Most 109’s I was around in combat shot mostly green bag powder and low charge white bag. Where the towed guns shot mostly white bag #5 thru #7. That’s not to say a towed gun only shot white bag, as they shot green bag seven days a week. Probably the same for the M109. The real issue was barrel life and breech failure. The barrel had a factor number of 10,000, or 10,000 charge seven shots. They X-Rayed the barrel somewhere around the 5,000 number, and did it again at around 7,500 shots (actually closer to 8,500 shots as lower charges have a reduced factor number). In that 10,000 number you’d go thru three recoil systems assuming your shooting at a slow rate. If you shoot a lot of all nighters, you’ll probably double that amount. Breech was good for roughly 300 shots (no matter what powder) before it had to be cleaned. We cleaned every breech daily! At around the 325 shot mark, the breech was starting to get stiff to open and close. By 350 it was locked up. I might add here, that everybody took his turn at cleaning the breech. Even the Company XO helped at least once a month to just stay on top of the game. If you blew a recoil system at the 7,000 mark, you’d get a new barrel & breech as well. (about a four hour process on a towed gun, and probably all day on an M109.) You can change the barrel on an M110/M107 in about two and a half hours and not work too hard.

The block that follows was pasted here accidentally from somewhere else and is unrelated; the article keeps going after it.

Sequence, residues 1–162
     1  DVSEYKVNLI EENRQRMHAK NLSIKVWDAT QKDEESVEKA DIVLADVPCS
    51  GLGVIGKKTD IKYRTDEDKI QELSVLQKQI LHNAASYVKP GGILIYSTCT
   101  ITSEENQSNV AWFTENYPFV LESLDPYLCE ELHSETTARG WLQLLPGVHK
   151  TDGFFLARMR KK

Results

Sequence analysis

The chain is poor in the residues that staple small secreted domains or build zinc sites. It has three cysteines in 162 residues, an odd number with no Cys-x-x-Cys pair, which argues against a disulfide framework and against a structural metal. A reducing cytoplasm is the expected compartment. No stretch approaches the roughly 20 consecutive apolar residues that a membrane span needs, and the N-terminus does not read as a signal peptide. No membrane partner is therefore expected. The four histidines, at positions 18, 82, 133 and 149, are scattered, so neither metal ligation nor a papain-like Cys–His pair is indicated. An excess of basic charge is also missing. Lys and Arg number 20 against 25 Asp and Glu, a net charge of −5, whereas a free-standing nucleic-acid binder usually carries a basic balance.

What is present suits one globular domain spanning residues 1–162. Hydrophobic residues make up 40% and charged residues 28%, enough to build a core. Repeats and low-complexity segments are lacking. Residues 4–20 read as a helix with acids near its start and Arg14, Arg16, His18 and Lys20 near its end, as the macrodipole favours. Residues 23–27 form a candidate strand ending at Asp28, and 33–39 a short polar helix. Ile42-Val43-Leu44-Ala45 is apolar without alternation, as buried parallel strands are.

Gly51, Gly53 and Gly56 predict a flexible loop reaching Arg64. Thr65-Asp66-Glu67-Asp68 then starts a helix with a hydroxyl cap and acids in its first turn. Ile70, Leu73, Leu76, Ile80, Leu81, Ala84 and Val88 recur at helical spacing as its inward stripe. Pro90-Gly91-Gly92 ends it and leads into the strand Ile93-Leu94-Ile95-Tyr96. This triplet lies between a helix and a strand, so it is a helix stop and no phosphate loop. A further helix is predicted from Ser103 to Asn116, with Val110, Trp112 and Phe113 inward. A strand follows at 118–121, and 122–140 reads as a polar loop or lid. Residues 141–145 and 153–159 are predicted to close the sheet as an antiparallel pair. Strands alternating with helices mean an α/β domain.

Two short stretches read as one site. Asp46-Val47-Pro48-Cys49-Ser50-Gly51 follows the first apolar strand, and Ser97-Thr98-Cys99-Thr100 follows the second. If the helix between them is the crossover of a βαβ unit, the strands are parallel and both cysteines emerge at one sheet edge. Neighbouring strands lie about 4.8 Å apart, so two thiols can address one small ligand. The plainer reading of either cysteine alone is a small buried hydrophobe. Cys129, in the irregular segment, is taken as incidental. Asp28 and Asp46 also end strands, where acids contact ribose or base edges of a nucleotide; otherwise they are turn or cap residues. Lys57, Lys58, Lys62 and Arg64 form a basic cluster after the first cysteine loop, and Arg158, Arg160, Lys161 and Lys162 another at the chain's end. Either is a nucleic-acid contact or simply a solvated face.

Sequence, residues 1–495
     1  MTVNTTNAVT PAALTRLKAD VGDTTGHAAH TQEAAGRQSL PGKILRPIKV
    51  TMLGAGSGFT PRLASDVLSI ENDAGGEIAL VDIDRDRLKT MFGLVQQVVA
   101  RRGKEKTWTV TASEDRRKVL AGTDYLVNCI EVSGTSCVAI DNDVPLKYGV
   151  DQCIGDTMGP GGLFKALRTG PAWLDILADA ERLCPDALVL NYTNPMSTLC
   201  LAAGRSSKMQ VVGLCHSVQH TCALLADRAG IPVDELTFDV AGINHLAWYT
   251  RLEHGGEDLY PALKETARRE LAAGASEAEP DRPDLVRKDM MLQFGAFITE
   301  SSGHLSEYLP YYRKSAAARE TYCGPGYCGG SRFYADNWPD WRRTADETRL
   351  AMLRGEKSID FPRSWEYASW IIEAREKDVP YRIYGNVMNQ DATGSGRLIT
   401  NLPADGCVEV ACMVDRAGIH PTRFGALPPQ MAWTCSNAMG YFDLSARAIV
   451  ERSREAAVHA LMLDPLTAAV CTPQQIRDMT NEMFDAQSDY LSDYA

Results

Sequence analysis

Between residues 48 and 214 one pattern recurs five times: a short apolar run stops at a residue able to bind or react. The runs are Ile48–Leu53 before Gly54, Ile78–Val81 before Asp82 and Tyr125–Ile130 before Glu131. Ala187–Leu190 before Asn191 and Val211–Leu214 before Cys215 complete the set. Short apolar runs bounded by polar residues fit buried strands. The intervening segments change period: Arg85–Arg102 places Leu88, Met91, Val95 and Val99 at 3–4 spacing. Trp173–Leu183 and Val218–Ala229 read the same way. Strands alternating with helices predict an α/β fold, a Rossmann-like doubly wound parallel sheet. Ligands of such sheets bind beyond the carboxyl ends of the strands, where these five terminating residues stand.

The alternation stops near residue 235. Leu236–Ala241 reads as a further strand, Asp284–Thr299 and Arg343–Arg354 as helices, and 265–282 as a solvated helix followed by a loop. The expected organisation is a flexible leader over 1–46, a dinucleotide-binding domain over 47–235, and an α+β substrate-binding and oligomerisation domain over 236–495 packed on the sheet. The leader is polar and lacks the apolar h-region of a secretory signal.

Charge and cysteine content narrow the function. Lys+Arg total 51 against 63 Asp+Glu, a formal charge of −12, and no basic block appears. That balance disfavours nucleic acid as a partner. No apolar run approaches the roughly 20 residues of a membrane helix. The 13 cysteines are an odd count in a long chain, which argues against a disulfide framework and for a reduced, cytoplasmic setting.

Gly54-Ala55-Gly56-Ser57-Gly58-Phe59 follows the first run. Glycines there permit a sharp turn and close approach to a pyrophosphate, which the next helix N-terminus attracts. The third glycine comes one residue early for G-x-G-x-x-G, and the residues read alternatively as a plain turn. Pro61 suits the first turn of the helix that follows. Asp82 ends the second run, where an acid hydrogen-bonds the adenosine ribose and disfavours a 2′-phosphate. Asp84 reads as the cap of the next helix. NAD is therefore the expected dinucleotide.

When you call a piece out due to a mechanical issue; everybody gets interested. You automatically move to the top of the food chain, and whatever you need you get right away. They’ll be on the radio every twenty minutes or so to see if it’s up yet. If they it take back to the rear, then they know what’s going on with it. As soon as it’s finished there with be a chopper waiting to take it home. When it arrives; there’ll be a FAC or F.O. in place to register it ASAP.